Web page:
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Gardening From Afar

(Written for an online Herblore email-list)

I have an English suburban garden in the Midlands and my soil is acidic and full of pebbles. After the Normans invaded, the land my house and garden stands on belonged to the King as part of one of his manors. Eventually it became a farm and for many years it was a rose nursery until the land was bought for housing and a new secondary school. Our house was built in the middle of the 1950s, a year after I was born. We bought it in 1980 and have remained here, raising our children. It is only the past six years that the garden has been turned over almost exclusively to herbs.

There comes a time in every herbgrower's life when the realisation dawns that there is not enough room in the garden to grow everything you would like to. It may just be a question of space, with trees and hedges overshadowing the borders, or it may be the soil is the wrong type for the herbs you favour to nurture yourself or your family and friends. In my case it was thyme which failed to thrive in an acid-based soil and echinacea augustifolia, the immune stimulating herb which makes your tongue tingle, which disappeared two summer's running before I discovered that its native habitat was the limestone plains of northern America. St John's wort, another limestone loving herb didn't seem to mind where it was grown as long as the sun caught it.!

With limited space there was also the worry of introducing herbs notorious for their invasive ways, such as comfrey, yarrow and the many variants of the mint family that I was anxious to experience.

The plea went out to my long-suffering parents and various herbs found their way into their flower beds. The thymes flourished in the limestone soil of the Cotswolds and my parents began an education in identifying such herbs as vervain, pokeroot, white horehound and the endangered goldenseal. They helped with the wildcrafting of rosehips, elderflowers, burdock, nettles and dandelions and patiently waited for the tinctures to mature in their dark cupboards, before decanting them and waiting for me to pick them up.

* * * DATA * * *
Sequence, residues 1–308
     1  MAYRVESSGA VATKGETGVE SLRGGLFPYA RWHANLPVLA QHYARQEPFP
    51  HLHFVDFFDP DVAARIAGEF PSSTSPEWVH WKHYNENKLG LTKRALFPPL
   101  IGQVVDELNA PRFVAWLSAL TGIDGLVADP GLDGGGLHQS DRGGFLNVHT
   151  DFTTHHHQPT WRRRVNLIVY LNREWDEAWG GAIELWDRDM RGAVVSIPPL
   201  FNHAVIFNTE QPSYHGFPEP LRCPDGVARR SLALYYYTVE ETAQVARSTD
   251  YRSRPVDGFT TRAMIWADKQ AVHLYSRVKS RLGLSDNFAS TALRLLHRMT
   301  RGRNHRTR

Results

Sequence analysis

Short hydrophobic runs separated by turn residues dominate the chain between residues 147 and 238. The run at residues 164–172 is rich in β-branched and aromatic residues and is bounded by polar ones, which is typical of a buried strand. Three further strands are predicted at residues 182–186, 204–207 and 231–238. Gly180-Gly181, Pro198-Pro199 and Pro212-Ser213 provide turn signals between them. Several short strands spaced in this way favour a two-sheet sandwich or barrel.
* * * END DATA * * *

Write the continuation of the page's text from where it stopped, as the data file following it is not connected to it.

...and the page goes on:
I talked about taking over their vegetable garden, but they insisted it be grassed over, since weeds and mice were making a mockery of any peas and carrots they tried to plant.. It was therefore a great surprise to be telephoned one day by my father who announced that he had just dug me a herb garden in the bottom field, near to the three springs that fed the farm water supply. The area had always been covered with nettles, and a favourite bonfire site, but now as the ash had subsided, he mowed it with the baby tractor (exchanged with a fellow woodworker in return for a spare motor lying around the barn), and then dug it over. He was well pleased with the dark loam that emerged from the undergrowth. Now all it needed was some plants.

On my next visit, I took down echinacea, gravel root, boneset, lemon verbena, hyssop, vervain, lemon balm and rosemary plants. Each of these plants, apart from the echinacea, had companions, which I kept in my own garden to compare how well they grew over the coming months. I also scattered some rows of calendula seeds and planted out herb seedlings grown from a free packet courtesy of the Sunday Times. An electric fence had been placed around the plot to deter rabbits, badgers and other night-time visitors who might be partial to some free medicine, but this had to be disconnected before I could enter the ground and plant everything out. My father warned me he had planted potatoes around the edges, so I tried to leave a gap to give everything enough room to grow.

Unfortunately the electric fence couldn't withstand an onslaught of wild munkjack deer who decided to sample the enclosed delicacies. Amazingly, most of the plants grew back, only the echinacea augustifolia disappearing once again!

When I finally made it back to the farm at the end of August to harvest and weed, the full scale of my difficulties became apparent. Some of the herbs I'd planted were new and many of the plants growing strongly could not be identified. Wild flowers were growing in profusion and I had great difficulty in deciding which to leave and which to pull up. The flourishing woad was finally identified by taste and next year I hope to view the beautiful yellow flowers.

Finally I learnt some valuable lessons. Always identify your plants with labels, weed on a regular basis and make sure you leave plenty of room for summer profusion! It has been a worthwhile experiment and hopefully next year an even greater degree of control will increase the harvest.

 

Sarah Head - email sarah@headology.co.uk

 

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